There has never been a greater need for better management and leadership skills in the UK. It's all too often the case that management incompetence is at the root of high-profile, costly and sometimes tragic failures. In the context of the recession and growing international competition, every manager in this country must ensure that he or she has the best possible skills to contribute to successful business performance. But government also shares that responsibility and, as we approach the political parties' annual conference season, we need renewed debate about how we can help managers improve their skills.
Recent management failures have been breathtaking: the collapse of the banking sector will continue to be analysed for years to come. The spotlight has also been on management as the recession has deepened and unemployment levels have risen. Many managers are fighting a battle to control costs and survive with reduced credit and slowing demand.
Meanwhile, the Baby P tragedy was a reminder that, for some, management and leadership have life-and-death consequences. Is bad management costing lives? The question is particularly relevant in the health service - think of the outcry over mortality rates at Stafford Hospital - and other parts of the public sector. With public finances under increasing strain, how can we improve public services, achieve efficiency savings and plan for the long term? Good management will be at a premium.
But imagine a world where management and leadership enable top-class performance across British business, the public sector and not-for-profit organisations; where management isn't a byword for bureaucracy but plays a real role in boosting performance. This month, the CMI will publish for consultation a Management Manifesto, starting the debate on a better-managed Britain as we approach a general election.
The political parties remain quiet about how we improve management and leadership. True, there has been a range of initiatives in recent years, with particularly encouraging progress in Scotland, Wales and Northern Ireland. But there's still a fundamental need for better recognition of what managers do and how they shape our economy, and a renewed effort to raise their skills. This is a call to action for all politicians.
In fact, managers now form the largest occupational group in the country, with numbers forecast to reach 5.5 million by 2020. Yet, at best, only one in five managers hold a management qualification. CMI research shows that we spend less on management development than our European competitors. So all of us - individual managers, employers and policy-makers - need to answer difficult questions about how well we're equipping the next generation to lead.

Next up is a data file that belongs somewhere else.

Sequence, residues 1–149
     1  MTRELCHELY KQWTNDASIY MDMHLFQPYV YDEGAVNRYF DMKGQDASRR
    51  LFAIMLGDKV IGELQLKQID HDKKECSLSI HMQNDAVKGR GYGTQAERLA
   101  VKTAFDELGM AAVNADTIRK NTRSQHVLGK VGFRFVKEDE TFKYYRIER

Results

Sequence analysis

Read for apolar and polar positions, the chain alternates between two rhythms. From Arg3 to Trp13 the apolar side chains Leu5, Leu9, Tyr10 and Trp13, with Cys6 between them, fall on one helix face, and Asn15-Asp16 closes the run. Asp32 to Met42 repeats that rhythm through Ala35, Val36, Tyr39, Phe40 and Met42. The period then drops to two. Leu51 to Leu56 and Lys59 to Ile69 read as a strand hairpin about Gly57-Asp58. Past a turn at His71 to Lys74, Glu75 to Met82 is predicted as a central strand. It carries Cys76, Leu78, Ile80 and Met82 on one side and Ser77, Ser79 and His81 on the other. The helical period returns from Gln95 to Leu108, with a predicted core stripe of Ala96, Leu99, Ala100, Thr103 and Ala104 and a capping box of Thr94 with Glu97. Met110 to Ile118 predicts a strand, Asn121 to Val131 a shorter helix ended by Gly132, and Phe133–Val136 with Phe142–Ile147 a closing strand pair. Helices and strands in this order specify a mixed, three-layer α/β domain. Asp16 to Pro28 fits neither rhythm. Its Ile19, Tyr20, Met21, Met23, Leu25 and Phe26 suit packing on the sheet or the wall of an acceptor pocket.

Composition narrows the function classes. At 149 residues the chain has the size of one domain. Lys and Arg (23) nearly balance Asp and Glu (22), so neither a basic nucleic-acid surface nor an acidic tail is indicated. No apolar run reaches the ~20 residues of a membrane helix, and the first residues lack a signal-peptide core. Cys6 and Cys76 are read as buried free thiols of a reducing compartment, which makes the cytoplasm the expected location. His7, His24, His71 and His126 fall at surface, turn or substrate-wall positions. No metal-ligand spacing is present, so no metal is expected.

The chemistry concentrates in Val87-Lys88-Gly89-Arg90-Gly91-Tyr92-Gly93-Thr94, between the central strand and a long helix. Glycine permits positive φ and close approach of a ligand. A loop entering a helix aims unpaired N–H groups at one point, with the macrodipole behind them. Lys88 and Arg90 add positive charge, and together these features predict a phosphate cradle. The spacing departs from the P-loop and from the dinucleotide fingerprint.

Why should we settle for management capability that's second-best? All too often, people promoted into management jobs are given little help in adapting to the new responsibilities they're taking on. These 'accidental' managers need to be given more support.
So, one of the challenges facing the next government will be to encourage investment in management and leadership. Efforts to streamline the skills system need to continue, making it easier for individuals and employers to understand what's available. Skills accounts and funding reforms could encourage individuals to keep their own skills up to date, while financial incentives for organisations to invest in professional development could transform demand.
Measuring good management is another challenge. We should be looking for ways of measuring management and leadership performance that would expose the differences between the organisations run for long-term and sustainable success and those that are not. Whereas many investors continue to focus on the abilities of the chief executive and those around him (and it's usually a him, not a her), we need to account for the strength of management throughout an organisation to determine its real value. The CMI's continuing work on a leadership standard aims to address that need.
Managers will play a critical role in determining how well the UK meets some enormous challenges over the next decade. How can we foster innovation to promote economic growth? How do we close the gender pay-gap and remedy the under-representation of women in the boardroom? How will the next government help managers cut their carbon footprint? How can we ensure that workforce flexibility meets both employer and employee needs?
First-class management and leadership really can drive up both personal and corporate performance. It can boost national productivity and enhance social wellbeing. The run-up to the general election offers us all - managers, employers, professional bodies and government - the chance to re-examine how we can achieve a vision of a better-managed Britain.
CV - RUTH SPELLMAN OBE
As chief executive of the Chartered Management Institute, Spellman leads the drive to encourage greater focus on the high-level skills needed to build UK competitiveness and productivity. Before joining the Institute in 2008, she served as the first female chief executive of the Institution of Mechanical Engineers. Spellman also spent eight years as CEO of Investors in People UK.
Join the debate on the Chartered Management Institute's Management Manifesto from 10 September at www.managers.org.uk/manifesto